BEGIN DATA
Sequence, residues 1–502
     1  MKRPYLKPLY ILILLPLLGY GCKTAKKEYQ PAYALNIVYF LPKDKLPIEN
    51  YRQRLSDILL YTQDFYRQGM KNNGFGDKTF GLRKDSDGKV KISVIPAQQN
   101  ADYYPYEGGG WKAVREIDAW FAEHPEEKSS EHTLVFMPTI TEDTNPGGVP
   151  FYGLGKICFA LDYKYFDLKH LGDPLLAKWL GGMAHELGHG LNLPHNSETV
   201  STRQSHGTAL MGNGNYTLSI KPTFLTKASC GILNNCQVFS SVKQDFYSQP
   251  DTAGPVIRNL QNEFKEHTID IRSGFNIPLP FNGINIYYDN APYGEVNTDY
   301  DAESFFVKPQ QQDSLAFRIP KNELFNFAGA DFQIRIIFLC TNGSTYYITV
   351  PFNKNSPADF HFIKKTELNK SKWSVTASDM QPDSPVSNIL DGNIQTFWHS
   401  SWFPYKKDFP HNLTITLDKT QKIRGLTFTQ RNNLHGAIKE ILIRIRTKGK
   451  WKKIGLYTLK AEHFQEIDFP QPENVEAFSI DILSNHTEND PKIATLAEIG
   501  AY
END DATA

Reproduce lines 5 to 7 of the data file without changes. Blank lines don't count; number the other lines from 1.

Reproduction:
   151  FYGLGKICFA LDYKYFDLKH LGDPLLAKWL GGMAHELGHG LNLPHNSETV
   201  STRQSHGTAL MGNGNYTLSI KPTFLTKASC GILNNCQVFS SVKQDFYSQP
   251  DTAGPVIRNL QNEFKEHTID IRSGFNIPLP FNGINIYYDN APYGEVNTDY